Monday, October 24, 2011

Three Steps to Direct Your Learning-For Free

When we think of "education" what typically comes to mind is the traditional "sit in a classroom and be lectured at while occasionally taking a test or writing a paper" method of delivery. This has been ineffective in helping adults learn. Adults not only need to be exposed to masterful content in an engaging way but must possess a strong drive to learn it as well as a means to relate what they are learning to their own lives. You don't need to take expensive university classes to learn something new that will benefit your career. Follow these steps to not only find free online places to grow your knowledge in a subject area, but to practice it.

1. Get clear about the what and the whys: Before you begin, focus on not the what you will learn (i.e. "computer programming") but why you are learning it. This is crucial because when you are struggling to create time for what you're learning or are feeling unmotivated, the whys will help center and focus you. On a piece of paper or index card, write down your answers to these questions: Who am I trying to be that learning this will help me to become? What will this learning allow me to do that fulfills me? What will my life be like after I have learned this? Keep these available to you to keep your motivation and level of engagement as high as possible.

2. Find your avenue to learning: There is a revolution happening online with many avenues of free learning cropping up in many places. For example, Khan Academy is a website with 2,500 videos on subjects ranging from mathematics to art history...all for free for you to learn at your own pace, whenever you want. Some renown universities-including MIT and UC-Berkeley-have crated free online course content that can be viewed online or downloaded as podcasts. Speaking of podcasts, iTunes U features lectures from hundreds of colleges and universities that can be downloaded and viewed whenever you want. And, even with all of these wonderful online resources, don't forget about an old institution dedicated to furthering your knowledge-your public library. Once you know your why the what is where you should focus.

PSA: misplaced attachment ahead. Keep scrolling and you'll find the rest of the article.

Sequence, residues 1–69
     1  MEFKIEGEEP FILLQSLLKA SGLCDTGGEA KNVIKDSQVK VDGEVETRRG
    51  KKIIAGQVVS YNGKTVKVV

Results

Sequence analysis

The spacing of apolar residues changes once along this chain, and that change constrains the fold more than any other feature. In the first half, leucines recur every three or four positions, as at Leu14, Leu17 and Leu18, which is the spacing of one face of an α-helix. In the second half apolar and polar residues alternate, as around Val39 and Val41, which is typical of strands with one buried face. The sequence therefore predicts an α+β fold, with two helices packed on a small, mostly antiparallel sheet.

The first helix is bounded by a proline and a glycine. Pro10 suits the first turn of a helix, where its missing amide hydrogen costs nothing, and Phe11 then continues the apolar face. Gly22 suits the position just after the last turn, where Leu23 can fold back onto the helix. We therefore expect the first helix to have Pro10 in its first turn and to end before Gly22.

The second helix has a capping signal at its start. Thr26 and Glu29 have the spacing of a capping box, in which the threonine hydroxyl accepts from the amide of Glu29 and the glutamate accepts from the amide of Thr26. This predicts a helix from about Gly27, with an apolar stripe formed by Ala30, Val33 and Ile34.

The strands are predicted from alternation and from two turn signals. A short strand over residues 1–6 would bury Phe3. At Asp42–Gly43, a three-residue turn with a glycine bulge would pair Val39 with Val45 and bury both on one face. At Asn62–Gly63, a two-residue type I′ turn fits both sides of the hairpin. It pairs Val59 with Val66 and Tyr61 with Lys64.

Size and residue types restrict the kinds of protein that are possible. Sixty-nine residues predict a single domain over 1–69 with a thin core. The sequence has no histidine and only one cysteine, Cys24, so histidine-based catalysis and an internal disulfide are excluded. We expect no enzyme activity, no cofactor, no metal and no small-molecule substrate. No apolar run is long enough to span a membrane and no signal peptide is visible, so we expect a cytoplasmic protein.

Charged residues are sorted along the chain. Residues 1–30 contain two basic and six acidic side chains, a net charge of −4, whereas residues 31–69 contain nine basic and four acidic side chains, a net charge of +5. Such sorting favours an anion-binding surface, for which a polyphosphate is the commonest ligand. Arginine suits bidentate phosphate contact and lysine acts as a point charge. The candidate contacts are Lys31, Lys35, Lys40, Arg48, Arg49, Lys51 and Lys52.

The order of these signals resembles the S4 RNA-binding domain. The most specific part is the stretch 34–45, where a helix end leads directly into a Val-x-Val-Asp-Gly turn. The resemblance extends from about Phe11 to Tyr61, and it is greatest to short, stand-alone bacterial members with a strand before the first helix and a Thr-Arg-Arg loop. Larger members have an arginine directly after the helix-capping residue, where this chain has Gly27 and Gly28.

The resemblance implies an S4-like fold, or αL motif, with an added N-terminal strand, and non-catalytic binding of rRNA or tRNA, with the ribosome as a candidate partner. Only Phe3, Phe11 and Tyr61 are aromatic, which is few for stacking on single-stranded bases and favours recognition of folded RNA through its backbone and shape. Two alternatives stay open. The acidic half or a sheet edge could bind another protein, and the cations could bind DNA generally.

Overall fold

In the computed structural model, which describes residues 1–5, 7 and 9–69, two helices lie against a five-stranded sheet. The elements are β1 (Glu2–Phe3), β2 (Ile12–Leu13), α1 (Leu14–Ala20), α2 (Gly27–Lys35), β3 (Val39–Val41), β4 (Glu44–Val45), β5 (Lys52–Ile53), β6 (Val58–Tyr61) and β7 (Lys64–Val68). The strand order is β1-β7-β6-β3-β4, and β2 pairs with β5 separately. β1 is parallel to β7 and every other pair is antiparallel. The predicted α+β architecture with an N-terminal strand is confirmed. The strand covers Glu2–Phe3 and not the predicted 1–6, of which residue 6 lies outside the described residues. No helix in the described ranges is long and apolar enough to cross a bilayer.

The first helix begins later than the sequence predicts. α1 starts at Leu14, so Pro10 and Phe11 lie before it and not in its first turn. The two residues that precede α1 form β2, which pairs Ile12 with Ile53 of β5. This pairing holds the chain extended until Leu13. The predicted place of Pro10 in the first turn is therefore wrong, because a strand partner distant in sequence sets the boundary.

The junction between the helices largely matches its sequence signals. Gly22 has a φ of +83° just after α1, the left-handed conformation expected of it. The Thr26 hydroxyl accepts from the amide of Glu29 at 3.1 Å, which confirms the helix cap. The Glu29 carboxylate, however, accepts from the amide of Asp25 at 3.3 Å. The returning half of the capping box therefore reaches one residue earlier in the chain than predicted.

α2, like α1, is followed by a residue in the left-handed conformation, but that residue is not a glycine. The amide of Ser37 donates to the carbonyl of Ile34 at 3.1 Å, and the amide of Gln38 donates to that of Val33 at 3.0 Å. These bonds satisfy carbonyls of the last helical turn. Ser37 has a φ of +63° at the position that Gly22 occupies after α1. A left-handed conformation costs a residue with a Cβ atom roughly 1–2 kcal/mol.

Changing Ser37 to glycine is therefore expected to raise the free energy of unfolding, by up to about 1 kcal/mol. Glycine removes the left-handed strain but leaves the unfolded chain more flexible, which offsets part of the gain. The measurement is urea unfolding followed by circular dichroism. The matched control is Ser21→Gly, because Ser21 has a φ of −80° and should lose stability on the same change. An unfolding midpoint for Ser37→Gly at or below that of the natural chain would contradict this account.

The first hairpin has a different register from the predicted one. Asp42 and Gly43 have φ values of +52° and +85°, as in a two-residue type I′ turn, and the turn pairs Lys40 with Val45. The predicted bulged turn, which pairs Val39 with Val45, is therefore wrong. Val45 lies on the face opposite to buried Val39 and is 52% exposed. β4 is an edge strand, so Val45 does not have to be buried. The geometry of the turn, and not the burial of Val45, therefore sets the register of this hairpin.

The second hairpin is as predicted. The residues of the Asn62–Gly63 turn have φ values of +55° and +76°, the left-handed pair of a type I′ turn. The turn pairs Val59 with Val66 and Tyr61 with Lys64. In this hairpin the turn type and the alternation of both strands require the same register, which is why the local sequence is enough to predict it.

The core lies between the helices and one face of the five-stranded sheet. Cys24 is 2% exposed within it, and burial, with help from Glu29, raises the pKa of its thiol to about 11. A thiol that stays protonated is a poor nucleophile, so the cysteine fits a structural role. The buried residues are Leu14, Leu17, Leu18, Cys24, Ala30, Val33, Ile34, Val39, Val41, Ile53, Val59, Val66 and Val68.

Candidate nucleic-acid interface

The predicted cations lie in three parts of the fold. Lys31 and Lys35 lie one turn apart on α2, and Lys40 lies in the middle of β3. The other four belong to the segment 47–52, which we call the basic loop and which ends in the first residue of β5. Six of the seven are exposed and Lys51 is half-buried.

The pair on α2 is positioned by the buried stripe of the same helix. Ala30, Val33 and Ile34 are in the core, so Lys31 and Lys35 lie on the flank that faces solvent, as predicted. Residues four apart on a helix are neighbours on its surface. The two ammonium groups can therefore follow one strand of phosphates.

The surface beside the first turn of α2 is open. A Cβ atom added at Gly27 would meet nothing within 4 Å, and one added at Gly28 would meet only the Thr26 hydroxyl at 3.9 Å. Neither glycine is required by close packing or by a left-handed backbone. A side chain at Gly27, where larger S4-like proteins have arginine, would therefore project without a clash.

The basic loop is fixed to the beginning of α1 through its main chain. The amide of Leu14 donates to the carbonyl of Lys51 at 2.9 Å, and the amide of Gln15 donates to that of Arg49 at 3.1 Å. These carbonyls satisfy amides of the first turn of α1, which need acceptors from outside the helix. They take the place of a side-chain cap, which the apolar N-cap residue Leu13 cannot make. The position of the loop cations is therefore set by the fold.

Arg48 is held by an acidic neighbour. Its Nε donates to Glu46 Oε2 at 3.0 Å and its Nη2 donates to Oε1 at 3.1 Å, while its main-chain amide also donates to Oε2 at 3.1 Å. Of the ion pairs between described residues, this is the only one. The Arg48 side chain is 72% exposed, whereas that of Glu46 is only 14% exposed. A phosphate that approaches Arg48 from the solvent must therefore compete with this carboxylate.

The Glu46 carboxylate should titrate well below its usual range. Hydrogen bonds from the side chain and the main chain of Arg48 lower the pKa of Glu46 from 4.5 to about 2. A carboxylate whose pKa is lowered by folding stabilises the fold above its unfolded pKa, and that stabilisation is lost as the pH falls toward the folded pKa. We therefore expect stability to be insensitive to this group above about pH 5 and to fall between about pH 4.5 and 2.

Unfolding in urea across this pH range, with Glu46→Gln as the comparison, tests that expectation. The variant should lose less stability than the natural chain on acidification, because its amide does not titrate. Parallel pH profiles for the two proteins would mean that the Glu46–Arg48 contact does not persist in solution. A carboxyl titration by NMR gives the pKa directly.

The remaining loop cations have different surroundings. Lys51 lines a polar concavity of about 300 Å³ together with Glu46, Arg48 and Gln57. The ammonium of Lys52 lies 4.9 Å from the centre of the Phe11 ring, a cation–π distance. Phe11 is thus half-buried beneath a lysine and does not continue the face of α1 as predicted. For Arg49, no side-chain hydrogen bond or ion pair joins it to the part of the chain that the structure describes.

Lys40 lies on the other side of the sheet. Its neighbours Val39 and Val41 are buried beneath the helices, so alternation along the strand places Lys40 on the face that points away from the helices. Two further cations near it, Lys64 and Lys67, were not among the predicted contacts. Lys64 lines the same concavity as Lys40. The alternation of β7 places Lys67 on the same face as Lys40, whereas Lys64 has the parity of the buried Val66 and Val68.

3. Practice: You know why you are learning and you know what you are now only need to apply it to make it stick. Practice can take many forms; the only requirement is to do it. For example, you may be teaching yourself HTML or Java or any other programming language. To prove your proficiency, write some code! Create sample webpages or programs to show others. If you are learning art history, volunteer at a local arts facility to demonstrate your passion for and knowledge of the subject. If mathematics is more your thing, tutor schoolchildren or college students to help them become more proficient in the subject you've been studying. Teaching others is a great way to not only practice but to solidify your learning through helping others.

Don't get caught in the mindset that the only way to learn something is to take your own learning through your drive and initiative. You can become just as proficient...and save a buck.

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